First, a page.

Leslie, A. M., & Thaiss, L. (in press). Domain specificity in conceptual development: Evidence from autism. Cognition.
Lewis, C. N., & Freeman, N. H. (1992). Dissociation of inferences about beliefs and pictures in preschoolers. Unpublished manuscript, Departments of Psychology, Universities of Lancaster and Bristol.
Lillard, A. & Cho, V. Y. (1991). Young children's understanding of representations. Poster presented at the Annual Convention of the American Psychological Association, San Francisco, August, 1991.
Parkin, L. J. (1993). Young children's understanding of false beliefs, outdated photos and misleading signs. Paper presented at the Annual Meeting of the Developmental Section of the British Psychological Society, Birmingham, September, 1993.
Perner, J. (1988). Developing semantics for theories of mind: From propositional attitudes to mental representation. In J. Astington, P. L. Harris, & D. R. Olson (Eds.), Developing theories of mind, (pp. 141-172). New York, NY: Cambridge University Press.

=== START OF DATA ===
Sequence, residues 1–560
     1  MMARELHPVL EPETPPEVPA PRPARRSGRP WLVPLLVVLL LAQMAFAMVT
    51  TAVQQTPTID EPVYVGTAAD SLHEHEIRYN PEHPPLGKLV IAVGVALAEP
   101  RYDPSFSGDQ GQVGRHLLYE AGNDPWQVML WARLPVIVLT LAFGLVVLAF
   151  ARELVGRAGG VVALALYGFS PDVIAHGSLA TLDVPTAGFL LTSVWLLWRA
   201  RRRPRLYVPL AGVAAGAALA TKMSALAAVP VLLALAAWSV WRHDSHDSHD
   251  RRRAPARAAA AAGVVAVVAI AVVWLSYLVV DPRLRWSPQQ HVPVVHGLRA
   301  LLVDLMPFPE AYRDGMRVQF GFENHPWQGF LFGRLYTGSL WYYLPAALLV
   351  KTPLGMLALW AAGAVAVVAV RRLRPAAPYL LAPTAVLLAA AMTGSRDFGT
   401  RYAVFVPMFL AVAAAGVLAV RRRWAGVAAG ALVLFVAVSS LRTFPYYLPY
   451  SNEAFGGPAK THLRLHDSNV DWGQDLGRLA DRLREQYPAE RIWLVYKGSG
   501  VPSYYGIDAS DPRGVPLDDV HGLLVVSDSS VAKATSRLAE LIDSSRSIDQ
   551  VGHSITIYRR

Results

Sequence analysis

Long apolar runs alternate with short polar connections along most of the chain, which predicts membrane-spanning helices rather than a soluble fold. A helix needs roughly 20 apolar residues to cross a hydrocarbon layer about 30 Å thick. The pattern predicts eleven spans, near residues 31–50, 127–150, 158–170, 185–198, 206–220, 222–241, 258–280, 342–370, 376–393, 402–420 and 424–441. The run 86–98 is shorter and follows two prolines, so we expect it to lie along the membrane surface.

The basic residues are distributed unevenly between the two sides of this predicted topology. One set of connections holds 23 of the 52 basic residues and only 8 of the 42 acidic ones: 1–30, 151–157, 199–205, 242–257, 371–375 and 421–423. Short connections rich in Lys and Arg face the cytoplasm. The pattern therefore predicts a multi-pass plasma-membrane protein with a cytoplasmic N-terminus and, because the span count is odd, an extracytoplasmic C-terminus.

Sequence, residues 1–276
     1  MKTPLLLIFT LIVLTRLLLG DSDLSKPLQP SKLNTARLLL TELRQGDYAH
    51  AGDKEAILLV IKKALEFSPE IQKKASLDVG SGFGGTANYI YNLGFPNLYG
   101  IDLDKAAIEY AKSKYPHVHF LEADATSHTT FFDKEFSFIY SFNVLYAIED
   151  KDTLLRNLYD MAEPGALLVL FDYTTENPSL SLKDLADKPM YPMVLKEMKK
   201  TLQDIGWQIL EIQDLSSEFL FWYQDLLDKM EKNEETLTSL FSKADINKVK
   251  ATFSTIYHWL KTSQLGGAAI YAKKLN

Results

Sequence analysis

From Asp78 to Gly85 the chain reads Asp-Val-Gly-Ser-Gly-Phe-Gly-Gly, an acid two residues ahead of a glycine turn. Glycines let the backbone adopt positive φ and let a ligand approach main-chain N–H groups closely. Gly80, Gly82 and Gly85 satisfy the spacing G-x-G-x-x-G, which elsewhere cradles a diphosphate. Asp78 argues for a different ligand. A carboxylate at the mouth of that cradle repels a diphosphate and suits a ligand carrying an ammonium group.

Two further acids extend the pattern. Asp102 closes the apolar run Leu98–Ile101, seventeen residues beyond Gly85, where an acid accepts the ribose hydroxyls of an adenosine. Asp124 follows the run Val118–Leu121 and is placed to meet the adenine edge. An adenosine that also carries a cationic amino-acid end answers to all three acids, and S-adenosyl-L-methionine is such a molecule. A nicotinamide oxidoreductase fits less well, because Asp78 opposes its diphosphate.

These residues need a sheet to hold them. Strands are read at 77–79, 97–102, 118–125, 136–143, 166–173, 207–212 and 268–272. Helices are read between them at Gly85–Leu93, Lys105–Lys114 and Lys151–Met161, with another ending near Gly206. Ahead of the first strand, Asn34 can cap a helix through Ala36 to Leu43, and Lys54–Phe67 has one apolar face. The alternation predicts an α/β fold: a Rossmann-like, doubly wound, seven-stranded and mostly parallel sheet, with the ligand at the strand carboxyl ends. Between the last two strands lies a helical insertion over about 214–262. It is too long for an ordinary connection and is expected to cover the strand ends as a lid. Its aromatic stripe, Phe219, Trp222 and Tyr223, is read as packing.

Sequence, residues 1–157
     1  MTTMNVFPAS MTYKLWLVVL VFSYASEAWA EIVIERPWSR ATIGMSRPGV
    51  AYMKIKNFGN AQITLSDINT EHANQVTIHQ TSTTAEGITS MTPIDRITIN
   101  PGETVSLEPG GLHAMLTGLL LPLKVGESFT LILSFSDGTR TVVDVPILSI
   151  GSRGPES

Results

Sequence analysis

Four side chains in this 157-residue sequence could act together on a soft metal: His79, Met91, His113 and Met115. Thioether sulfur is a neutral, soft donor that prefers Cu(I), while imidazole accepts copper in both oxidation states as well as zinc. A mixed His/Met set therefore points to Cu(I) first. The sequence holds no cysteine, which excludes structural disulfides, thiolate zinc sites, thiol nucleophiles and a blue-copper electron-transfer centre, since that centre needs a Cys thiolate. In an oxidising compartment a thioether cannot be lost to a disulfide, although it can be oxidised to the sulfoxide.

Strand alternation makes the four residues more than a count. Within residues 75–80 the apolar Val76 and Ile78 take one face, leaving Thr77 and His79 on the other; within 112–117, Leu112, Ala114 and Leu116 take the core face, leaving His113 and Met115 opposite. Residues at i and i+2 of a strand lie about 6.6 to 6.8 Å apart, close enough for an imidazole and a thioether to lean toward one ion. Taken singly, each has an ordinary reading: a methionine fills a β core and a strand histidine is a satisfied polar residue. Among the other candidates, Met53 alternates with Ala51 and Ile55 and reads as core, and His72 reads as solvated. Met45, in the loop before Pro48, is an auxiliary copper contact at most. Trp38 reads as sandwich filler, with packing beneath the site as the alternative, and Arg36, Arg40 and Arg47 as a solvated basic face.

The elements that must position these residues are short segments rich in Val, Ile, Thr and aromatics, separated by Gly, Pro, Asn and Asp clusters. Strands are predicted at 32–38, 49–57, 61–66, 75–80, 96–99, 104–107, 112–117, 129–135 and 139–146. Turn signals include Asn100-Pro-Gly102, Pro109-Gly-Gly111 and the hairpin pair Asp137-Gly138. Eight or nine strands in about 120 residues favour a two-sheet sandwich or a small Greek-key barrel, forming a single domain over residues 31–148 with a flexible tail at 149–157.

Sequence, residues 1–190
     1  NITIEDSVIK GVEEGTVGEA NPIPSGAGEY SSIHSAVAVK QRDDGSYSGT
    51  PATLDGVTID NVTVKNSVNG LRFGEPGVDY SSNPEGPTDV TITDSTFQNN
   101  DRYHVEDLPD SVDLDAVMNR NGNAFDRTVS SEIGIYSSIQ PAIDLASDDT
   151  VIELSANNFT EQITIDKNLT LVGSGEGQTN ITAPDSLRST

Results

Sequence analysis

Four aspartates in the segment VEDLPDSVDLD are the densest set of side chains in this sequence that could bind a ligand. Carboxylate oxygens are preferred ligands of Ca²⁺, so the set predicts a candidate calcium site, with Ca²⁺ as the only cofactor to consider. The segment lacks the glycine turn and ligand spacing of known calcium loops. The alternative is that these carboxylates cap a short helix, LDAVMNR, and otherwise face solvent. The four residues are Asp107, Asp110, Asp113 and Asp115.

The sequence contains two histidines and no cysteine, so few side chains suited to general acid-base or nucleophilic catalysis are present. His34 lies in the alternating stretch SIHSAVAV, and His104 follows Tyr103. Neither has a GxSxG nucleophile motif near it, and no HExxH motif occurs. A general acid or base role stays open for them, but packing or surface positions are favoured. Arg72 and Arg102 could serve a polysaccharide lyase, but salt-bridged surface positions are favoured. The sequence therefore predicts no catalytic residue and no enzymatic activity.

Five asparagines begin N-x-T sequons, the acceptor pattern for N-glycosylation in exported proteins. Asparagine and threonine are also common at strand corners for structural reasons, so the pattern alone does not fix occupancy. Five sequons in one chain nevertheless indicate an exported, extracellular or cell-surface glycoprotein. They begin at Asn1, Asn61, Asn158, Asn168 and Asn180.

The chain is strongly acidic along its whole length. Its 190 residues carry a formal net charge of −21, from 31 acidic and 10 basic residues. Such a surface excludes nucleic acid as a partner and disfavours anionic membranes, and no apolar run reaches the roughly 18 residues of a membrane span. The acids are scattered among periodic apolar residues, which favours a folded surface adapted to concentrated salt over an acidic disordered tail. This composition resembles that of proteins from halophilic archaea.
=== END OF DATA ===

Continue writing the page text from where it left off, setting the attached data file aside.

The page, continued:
Perner, J. (1991). Understanding the representational mind. Cambridge, MA: MIT Press/ Bradford Books.
Perner, J., Leekam, S. R., & Wimmer, H. (1987). Three-year olds' difficulty with false belief: The case for a conceptual deficit. British Journal of Developmental Psychology, 5, 125-137.
Pollack, J. (1990). children's understanding of "false" drawings. Unpublished manuscript, Department of Experimental Psychology, University of Oxford.
Wellman, H. M. (1990). The child's theory of mind. Cambridge, MA: MIT Press/ Bradford Books.